MARCH 3, 2019| UPDATED MARCH 9, 2019 | 4 MIN READ

Tardigrades, CBS Attorneys Work Out Discovery Dispute

CBS lawyers’ delays are making it tough to find connections between Discovery creators and videogame

Lawyers in the Tardigrades lawsuit appeared to have resolved their disagreements by the March 8 deadline set by U.S. District Judge Lorna G. Schofield.

Discovery Dispute

Attorneys for game developer Anas Abdin had complained to Schofield that CBS lawyers were not complying with her order to allow Abdin’s lawyers to gather evidence.

Abdin seeks a connection between Star Trek: Discovery and his videogame on the Steam platform. He alleges Discovery‘s creators must have stolen ideas from Tardigrades in 2015.

Meanwhile the lawyers on both sides asked the judge to cancel the March 12 status report she wanted.

Looming Deadline

Faced with a looming March 19 deadline for game developer Anas Abdin to show a connection between Star Trek: Discovery‘s creators and the videogame from which he says they stole his ideas, his lawyer asked the judge to intervene.

In that February 27, 2019, letter to Schofield, attorney John Johnson accused defendant CBS’ lawyers of stalling in turning over evidence to meet that deadline.

Judge Admonishes Lawyers

Schofield admonished all the lawyers to follow her court’s rules: You better confer in good faith over discovery disputes.

In a March 4 statement, Schofield ordered them to talk it out by March 6. If that didn’t work then CBS was to give her a written explanation by March 8.

READ THE LETTER from Tardigrades attorney John Johnson to the judge asking her to intervene in CBS stalling tactics.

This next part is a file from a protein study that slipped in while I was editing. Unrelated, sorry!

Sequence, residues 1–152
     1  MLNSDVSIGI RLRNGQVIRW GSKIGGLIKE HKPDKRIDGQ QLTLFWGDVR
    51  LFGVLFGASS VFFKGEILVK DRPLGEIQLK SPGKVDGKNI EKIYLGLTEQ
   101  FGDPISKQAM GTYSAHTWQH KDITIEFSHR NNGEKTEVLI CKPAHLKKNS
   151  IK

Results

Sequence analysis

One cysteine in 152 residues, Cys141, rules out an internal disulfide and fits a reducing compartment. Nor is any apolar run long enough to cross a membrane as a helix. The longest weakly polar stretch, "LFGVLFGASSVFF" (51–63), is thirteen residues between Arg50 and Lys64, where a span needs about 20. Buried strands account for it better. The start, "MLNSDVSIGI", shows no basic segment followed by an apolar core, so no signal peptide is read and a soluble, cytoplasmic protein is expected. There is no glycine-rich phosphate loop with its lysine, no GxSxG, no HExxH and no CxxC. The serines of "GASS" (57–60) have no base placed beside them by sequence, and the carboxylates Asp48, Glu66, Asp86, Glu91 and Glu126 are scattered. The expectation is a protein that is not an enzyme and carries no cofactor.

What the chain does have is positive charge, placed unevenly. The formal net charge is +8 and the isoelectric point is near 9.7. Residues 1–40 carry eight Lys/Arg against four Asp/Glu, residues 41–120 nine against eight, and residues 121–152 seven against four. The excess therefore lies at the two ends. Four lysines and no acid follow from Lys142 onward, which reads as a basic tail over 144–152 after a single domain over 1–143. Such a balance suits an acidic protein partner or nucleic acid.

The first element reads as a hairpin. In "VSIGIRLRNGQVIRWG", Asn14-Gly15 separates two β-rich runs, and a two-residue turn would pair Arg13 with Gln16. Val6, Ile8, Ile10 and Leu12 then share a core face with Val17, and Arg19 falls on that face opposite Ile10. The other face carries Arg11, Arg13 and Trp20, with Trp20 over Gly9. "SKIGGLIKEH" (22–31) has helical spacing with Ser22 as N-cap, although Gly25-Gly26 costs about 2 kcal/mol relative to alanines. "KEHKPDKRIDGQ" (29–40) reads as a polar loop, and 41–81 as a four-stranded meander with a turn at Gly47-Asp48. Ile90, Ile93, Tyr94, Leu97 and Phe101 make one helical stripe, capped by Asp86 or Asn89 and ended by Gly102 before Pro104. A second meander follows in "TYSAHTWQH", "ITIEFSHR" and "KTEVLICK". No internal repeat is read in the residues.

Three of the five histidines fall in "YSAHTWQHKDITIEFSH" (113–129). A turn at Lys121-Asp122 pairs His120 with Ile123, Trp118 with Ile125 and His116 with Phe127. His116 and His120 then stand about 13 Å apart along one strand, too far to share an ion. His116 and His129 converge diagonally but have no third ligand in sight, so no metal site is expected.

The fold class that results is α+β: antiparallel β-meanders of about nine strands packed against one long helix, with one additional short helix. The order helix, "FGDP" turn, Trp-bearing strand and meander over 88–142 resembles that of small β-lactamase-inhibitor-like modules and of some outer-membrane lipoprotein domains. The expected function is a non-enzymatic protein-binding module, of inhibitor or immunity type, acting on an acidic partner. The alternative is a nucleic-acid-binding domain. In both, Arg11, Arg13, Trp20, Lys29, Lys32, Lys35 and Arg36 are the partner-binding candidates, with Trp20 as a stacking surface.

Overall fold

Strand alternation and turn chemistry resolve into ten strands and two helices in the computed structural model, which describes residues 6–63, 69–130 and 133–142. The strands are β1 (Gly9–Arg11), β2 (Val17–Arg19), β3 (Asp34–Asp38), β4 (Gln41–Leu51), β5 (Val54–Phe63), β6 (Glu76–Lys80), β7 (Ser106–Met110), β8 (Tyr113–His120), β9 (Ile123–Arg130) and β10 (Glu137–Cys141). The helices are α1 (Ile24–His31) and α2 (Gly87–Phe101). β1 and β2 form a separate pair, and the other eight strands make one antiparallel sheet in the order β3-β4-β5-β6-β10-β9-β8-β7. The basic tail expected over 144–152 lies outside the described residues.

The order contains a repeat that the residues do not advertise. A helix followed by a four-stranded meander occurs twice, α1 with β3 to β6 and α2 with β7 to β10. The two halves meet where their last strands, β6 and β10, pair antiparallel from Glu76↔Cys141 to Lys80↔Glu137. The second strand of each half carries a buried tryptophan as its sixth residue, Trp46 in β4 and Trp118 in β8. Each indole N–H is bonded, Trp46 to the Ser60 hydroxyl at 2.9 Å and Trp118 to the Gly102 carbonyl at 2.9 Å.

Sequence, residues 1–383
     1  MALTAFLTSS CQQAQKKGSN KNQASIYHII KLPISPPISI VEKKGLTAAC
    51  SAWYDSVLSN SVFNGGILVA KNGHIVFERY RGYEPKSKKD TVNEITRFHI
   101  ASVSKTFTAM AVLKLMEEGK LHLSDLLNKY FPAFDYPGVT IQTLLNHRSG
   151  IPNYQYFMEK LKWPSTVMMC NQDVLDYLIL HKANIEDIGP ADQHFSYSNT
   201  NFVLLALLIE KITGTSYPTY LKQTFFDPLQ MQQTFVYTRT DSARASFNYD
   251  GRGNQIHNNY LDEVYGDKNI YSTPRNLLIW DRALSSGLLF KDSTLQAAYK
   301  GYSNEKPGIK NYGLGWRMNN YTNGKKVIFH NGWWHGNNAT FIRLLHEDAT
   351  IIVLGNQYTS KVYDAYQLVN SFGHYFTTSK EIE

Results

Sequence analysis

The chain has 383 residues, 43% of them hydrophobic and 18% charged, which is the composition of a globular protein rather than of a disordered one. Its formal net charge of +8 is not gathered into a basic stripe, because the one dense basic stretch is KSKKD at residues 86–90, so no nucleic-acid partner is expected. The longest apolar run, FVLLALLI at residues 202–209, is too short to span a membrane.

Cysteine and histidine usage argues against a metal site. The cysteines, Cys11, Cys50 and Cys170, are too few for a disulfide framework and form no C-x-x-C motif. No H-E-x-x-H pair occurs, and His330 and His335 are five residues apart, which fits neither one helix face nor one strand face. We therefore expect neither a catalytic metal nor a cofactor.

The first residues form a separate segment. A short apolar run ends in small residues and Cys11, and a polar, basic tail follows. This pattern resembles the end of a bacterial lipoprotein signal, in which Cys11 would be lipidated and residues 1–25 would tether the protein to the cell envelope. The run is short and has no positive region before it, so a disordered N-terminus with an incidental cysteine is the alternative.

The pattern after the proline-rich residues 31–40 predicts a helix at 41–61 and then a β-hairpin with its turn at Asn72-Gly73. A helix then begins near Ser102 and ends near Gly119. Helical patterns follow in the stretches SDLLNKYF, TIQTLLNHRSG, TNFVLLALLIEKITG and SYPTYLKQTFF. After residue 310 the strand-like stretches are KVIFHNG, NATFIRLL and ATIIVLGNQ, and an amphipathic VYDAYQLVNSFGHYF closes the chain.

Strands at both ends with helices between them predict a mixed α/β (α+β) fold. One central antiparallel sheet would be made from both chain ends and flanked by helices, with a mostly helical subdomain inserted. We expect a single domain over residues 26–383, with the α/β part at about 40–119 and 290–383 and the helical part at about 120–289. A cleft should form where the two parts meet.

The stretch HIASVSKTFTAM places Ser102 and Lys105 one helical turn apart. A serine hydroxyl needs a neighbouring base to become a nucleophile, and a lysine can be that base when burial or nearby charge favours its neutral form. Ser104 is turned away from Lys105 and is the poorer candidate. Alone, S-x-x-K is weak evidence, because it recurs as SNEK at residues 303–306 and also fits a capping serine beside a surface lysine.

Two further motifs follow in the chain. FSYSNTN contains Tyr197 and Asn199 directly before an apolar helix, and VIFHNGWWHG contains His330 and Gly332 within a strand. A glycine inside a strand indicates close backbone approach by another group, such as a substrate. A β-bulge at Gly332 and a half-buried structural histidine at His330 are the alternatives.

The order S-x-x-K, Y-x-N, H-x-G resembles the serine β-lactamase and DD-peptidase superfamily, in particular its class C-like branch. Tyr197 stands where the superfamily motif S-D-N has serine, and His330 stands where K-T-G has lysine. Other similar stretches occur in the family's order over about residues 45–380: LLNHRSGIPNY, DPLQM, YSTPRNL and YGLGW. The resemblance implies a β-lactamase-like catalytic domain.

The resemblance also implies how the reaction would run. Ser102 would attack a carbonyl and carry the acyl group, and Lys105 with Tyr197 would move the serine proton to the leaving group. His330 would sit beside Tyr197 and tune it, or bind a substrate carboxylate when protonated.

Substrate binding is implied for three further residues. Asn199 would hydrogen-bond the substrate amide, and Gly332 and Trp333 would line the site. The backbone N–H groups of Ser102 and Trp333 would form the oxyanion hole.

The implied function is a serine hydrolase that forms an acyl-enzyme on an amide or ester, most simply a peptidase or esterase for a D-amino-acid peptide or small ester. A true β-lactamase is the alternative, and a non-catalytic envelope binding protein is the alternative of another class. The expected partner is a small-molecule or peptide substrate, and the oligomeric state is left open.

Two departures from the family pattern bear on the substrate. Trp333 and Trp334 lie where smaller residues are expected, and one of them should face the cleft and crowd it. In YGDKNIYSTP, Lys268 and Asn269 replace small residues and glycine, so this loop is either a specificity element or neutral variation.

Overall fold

Email exchange between the two lawyers.
• What the plaintiffs are looking for.

The bottom line

CBS believes Abdin’s lawyers are going on a fishing expedition in a desperate attempt to show Discovery‘s creators stole from the game developer. Abdin’s attorney says the judge allowed them to investigate and has told CBS it had better cough up the goods.

Judge Lorna G. Schofield

Judge Orders Meeting

Either way, Schofield orderd the attorneys to appear before her on March 12 to report on the case status.

Discovery Dispute

Abdin’s lawyers were trying to find CBS employees who were also members of the Steam platform who also developed Discovery, and who also voted in Steam's Greenlight program for his Tardigrades game.

  • CBS objections: In a March 1 letter, Abdin lawyer John Johnson complains CBS’ attorneys have objected to the subpoena he wants to serve on Steam's owner, Valve Corp. CBS says many employees about whom Johnson inquires are no longer employed by CBS.
  • CBS had agreed to provide evidence but hadn’t by the agreed-upon date, according to emails Johnson filed in court.

Motion to Compel Discovery

Johnson hoped the judge would force CBS to provide the evidence he wanted:

  • IP addresses: Johnson wanted Information about IP addresses of various CBS-owned domains.
  • Connections to Steam: He wanted Steam user account information about anyone involved in developing or producing Discovery, as well as accounts registered by anyone from CBS Broadcasting, All Access, Netflix, Living Dead Guy Productions, Secret Hideout, Roddenberry Entertainment or Pinewood Toronto Studios.
  • Steam subpoena: From Steam, Johnson hoped to obtain the voting record, and user information about anyone involved in developing or producing Discovery who voted on the Tardigrades game.
  • Discovery creators and staff Johnson was interested in included Bryan Fuller, Alex Kurtzman, Nicholas Meyer, Aaron Harberts, Akiva Goldsman, Erika Lippoldt, Gretchen J. Berg, John Eaves, Jonathan Frakes, Kirsten Beyer, Olatunde Osunsanmi, Rod Roddenberry and Trevor Roth. More are listed in court documents.

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